The Dangers of Asking ‘Why’

The Dangers of Asking ‘Why’

Hurricane in Heels - Kellie McRae

I don’t usually ask why something happens to me. I am usually the one to ask, instead, what is my purpose in this situation? I am also a solutions-type person, so I realize that asking “why” is going down a never-ending rabbit hole. It will render no real results, so it’s a waste of time, in my opinion. But I have just experienced a particularly ugly flare that had my attitude visiting places I hope to never travel to again.

The dark, deep rabbit hole of why is not a pretty neighborhood. Part of the reason it’s not a place I tend to travel is that with a disease like lupus, who is going to answer you? Who is going to pull up a chair and explain why you were chosen out of millions of people? There will be no explanations coming about how you didn’t do this or that, so it had to be you.

Another reason I don’t ask why is because it leads to this mind shift of thinking about who deserves or should have illness, yet you are suffering instead. I was an extremely active person. And when I say extremely, let’s just think about the name of my column. My nickname was the “Hurricane in Heels.” I was actually known in my industry as that AND I didn’t give myself that name. I was blessed by my colleagues, and everyone agreed it was perfect for my personality.

Now, I tease and say I’m a tropical storm and, some days, just a little rain shower. So when my attitude started taking me into the area of who should have it, I thought of healthy people who sit and watch TV all day, people who enjoy being at home all the time, and things of that nature. In reality, NO ONE deserves this disease and I pray that they find a way to squelch it or truly make it a bearable situation for the many people who are battling.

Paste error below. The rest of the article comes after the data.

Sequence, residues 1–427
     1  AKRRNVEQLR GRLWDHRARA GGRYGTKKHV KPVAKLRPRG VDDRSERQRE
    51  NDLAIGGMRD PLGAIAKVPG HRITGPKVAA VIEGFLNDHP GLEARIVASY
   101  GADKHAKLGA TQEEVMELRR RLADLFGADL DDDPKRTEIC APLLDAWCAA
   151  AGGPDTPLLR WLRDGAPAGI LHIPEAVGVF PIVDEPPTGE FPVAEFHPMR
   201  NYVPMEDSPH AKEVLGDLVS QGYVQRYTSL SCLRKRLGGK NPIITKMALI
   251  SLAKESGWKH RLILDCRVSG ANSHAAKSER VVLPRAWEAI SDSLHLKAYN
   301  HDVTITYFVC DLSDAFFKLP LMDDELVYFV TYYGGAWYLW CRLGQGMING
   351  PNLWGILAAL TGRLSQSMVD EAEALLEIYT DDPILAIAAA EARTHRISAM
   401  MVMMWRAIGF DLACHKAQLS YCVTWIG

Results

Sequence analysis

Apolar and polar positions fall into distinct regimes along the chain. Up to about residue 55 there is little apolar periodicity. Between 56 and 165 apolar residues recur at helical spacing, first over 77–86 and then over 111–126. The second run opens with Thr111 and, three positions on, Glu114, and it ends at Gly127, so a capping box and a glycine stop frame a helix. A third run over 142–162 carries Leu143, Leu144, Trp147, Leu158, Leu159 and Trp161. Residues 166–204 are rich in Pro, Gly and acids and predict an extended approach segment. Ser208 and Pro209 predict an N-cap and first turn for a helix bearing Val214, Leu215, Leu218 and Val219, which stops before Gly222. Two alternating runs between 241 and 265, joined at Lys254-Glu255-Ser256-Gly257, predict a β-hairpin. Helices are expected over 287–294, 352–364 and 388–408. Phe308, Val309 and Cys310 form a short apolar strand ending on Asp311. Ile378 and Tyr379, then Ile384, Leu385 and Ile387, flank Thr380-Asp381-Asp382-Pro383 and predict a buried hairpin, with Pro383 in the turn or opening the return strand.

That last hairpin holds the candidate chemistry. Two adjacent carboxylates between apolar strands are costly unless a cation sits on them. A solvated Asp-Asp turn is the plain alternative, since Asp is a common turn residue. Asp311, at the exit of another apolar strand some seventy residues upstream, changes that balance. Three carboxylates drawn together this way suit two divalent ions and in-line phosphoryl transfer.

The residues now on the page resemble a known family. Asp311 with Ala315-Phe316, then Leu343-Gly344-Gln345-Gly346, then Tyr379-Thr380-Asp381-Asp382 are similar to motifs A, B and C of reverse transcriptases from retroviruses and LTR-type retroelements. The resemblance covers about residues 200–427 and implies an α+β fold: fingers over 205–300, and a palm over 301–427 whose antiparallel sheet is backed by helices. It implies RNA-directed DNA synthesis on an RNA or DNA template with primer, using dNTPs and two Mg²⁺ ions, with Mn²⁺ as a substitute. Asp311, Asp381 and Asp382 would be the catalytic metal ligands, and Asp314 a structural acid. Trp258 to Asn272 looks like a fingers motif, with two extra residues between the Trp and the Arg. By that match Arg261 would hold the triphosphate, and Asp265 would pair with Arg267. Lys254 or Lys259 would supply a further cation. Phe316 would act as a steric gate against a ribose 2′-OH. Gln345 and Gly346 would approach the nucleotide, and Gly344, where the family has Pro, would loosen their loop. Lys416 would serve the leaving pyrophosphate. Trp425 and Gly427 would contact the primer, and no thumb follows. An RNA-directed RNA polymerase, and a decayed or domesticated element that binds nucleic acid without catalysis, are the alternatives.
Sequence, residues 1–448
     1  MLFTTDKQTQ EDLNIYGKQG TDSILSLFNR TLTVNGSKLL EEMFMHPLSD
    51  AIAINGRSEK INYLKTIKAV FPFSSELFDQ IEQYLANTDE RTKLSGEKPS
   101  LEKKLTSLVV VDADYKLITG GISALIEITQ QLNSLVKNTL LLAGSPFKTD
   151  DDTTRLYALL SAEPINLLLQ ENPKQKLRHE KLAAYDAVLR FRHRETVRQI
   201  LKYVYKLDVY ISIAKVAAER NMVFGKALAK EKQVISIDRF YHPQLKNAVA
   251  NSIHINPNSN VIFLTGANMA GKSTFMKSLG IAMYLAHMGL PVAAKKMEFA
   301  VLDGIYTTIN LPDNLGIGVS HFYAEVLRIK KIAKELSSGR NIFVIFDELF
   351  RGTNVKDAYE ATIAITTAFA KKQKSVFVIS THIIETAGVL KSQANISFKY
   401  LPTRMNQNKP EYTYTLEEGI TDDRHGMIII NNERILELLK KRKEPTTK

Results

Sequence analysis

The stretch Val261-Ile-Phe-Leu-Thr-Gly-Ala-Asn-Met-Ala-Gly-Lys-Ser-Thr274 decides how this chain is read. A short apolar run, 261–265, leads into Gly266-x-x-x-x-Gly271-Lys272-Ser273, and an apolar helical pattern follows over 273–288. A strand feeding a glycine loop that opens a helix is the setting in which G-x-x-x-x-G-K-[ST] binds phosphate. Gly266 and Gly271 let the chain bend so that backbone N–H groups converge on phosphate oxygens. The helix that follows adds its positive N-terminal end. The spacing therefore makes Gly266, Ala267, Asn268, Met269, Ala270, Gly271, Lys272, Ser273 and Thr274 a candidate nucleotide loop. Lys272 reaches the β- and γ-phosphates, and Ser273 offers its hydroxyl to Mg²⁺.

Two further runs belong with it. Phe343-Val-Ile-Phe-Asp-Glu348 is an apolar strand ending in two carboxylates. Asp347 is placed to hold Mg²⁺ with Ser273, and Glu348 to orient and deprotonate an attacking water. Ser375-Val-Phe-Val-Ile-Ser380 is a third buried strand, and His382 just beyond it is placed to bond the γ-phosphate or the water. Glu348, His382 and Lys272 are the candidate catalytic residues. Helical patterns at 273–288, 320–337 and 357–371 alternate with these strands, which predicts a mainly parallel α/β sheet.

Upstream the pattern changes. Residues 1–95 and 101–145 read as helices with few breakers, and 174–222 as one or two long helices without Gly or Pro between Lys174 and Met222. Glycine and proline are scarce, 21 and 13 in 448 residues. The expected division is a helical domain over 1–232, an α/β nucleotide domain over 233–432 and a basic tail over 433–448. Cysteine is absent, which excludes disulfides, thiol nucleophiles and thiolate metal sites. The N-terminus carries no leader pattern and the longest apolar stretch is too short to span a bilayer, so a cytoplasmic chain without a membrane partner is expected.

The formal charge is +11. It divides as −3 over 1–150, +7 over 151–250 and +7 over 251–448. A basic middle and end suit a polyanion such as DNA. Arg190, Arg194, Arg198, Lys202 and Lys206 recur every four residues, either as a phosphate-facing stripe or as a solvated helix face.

One thing I am learning from lupus is how to be stronger. It causes me to go places in my mind that I’d never explored before. Some of the places are interesting and offer enlightenment and some of them are some seriously bad neighborhoods and I prefer to stay out.

For most of my life, I have chosen to find silver linings, make jokes when things get tense to help alleviate the pressure and stress, and find joy in the junk. But for the very first time, asking why took me into dark places and I was afraid I would not come back. I realized why I stay away from why — it leads to more anger, resentment, and blame, and the worst for me was looking for others who deserved such things based on criteria that made no sense.

Talk about bad karma!

I will do my best in the future to stay out of that place. It’s a neighborhood where you can truly be robbed of potential happiness. I value mine too much to want to visit there again. I started looking for counseling, and if you are spending a lot of time in places like that, I would recommend you speak with someone as well. Safety in numbers. If you’re traveling through some really bad places, get someone to go with you :-).

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Note: Lupus News Today is strictly a news and information website about the disease. It does not provide medical advice, diagnosis, or treatment. This content is not intended to be a substitute for professional medical advice, diagnosis, or treatment. Always seek the advice of your physician or other qualified health provider with any questions you may have regarding a medical condition. Never disregard professional medical advice or delay in seeking it because of something you have read on this website. The opinions expressed in this column are not those of Lupus News Today or its parent company, BioNews Services, and are intended to spark discussion about issues pertaining to lupus.

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